In India, PEN Delhi and PEN International are calling on authorities to investigate an attempt on 25 January to break into the house of award-winning journalist Neha Dixit. Since September 2020, the journalist has been receiving phone calls threatening her with rape, acid attacks, and murder.
Indian journalist Priya Ramani was acquitted in a criminal defamation case filed by former editor and Minister of State for External Affairs MJ Akbar. In 2018 Ramani accused Akbar of sexual harassment, which inspired at least 15 other women to come forward to share what the former minister had done to them. On 1 February 2021, the court ruled that “the right of reputation cannot be protected at the cost of the right of life and dignity of woman.” The Network of Women in Media, India, said the court decision “offers hope that justice will be delivered to women who speak out, with the dignity and respect they deserve.” Ramani gave a brief message immediately after the verdict:
"It feels great to have your truth validated in a courtroom," says journalist #PriyaRamani.
Delhi’s Rouse Avenue Court on Wednesday found Ramani not guilty of criminal defamation in a case filed by former Union minister M.J. Akbar.
— The Wire (@thewire_in) February 17, 2021
A new UN report warns that “Sri Lanka’s current trajectory sets the scene for the recurrence of the policies and practices that gave rise to grave human rights violations.” Reacting to the report, Human Rights Watch pushed for the advancing of “international accountability for grave crimes and acting to prevent further abuses.”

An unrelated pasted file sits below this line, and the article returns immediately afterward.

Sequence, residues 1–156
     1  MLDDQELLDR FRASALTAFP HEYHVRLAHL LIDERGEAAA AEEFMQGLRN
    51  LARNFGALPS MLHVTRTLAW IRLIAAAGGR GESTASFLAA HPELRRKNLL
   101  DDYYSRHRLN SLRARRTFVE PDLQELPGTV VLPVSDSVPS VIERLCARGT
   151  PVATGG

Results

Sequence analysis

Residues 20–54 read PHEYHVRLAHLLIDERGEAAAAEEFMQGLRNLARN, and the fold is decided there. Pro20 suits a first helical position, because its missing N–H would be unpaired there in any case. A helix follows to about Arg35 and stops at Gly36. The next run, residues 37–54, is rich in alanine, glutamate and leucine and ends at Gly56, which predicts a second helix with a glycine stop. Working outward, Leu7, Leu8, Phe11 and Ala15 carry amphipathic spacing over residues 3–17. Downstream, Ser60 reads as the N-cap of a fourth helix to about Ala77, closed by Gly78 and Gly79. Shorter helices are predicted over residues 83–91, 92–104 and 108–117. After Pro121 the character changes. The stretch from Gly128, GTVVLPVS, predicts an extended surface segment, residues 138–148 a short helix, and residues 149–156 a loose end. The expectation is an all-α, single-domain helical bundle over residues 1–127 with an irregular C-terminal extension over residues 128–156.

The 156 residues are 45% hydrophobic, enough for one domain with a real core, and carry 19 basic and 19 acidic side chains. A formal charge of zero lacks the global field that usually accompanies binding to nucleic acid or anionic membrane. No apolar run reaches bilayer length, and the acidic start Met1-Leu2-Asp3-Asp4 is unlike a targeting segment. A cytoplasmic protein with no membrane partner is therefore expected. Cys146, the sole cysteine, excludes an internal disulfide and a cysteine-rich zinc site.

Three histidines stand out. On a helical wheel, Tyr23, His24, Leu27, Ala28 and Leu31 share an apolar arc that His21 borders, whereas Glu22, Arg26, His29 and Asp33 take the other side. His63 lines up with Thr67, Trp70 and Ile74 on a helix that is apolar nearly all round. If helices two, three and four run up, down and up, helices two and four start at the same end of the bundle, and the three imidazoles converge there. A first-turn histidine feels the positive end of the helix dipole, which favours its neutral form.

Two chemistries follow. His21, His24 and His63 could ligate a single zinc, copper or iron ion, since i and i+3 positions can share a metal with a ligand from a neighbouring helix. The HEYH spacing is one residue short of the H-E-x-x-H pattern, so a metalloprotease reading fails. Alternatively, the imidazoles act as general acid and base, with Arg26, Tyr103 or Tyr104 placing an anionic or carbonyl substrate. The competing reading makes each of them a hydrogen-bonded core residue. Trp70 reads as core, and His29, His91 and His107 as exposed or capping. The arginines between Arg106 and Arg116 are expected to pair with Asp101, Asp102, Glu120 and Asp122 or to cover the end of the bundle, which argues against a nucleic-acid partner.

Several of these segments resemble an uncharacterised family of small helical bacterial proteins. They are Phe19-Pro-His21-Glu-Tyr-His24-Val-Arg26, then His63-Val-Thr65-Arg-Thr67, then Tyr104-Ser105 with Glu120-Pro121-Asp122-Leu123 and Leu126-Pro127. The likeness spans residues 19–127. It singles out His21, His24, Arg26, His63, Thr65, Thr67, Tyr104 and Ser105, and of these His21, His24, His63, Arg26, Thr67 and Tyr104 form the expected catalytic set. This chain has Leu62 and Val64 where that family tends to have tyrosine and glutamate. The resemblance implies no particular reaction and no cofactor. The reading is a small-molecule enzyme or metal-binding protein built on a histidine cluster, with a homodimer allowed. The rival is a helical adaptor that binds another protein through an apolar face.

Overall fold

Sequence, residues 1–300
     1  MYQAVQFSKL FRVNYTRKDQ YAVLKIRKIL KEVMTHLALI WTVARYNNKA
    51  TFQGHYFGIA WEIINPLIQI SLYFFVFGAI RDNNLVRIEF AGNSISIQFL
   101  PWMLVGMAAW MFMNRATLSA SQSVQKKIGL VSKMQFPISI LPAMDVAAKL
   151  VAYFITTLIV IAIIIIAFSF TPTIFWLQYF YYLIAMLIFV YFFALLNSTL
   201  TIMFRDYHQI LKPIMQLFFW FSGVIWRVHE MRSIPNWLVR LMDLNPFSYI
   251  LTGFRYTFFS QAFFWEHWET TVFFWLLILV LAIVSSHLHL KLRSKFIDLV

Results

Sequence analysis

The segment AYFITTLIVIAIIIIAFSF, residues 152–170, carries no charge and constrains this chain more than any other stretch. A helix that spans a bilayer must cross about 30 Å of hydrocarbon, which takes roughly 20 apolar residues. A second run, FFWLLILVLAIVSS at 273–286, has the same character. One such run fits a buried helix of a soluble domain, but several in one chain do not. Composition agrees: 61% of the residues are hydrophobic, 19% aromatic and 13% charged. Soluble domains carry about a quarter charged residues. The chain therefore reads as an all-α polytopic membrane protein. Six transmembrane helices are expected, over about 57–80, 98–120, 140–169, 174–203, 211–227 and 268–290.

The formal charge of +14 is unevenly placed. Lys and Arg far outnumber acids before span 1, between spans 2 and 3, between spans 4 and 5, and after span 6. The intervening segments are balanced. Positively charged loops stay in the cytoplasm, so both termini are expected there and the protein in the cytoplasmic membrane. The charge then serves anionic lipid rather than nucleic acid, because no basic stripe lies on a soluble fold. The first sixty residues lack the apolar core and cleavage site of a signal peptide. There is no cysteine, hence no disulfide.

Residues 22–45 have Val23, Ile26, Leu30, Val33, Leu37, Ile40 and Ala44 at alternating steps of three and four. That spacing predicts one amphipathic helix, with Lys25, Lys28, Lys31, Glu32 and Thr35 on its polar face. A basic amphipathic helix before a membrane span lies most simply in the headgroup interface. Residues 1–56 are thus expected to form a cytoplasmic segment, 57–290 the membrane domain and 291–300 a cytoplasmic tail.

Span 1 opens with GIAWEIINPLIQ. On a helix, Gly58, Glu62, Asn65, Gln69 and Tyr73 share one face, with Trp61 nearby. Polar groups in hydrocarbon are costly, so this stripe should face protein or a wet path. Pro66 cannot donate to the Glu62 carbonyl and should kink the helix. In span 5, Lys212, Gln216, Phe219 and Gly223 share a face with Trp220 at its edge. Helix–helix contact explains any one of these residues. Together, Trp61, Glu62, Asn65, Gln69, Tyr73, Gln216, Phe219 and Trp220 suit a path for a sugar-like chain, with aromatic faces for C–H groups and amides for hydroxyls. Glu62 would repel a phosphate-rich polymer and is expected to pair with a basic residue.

A few days before the UN Human Rights Council session on Sri Lanka, writer Shakthika Sathkumara was acquitted after being charged with propagating hatred and incitement of racial or religious violence for a short story deemed offensive to Buddhism. IFEX member the Free Media Movement (FMM) said, “he has been subjected to terrible injustice, because the police acted arbitrarily in connection with a random complaint received against a short story posted on his Facebook page.”
The BBC was banned by Chinese regulators for alleged breaking of rules on truth and impartiality. This took place a week after Chinese state broadcaster CGTN was stripped of its license in the UK. Index on Censorship has linked the BBC ban to an ongoing crackdown on foreign media outlets in China.
Finally, Facebook has resumed publishing Australian news stories on its platform after briefly blocking content in protest to the News Media Bargaining Code which would require tech companies to pay for the news content they are using. Facebook reversed its decision as part of its negotiations with the Australian government. The Media, Entertainment & Arts Alliance said any deal should not leave out small publishers. “It shouldn’t be up to Facebook and Google to cherry pick and groom publishers it deems acceptable for side deals. Any code should be mandatory, uniform, predictable, and fair; not at the whim of technology executives.”
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Source: MEDIA FEED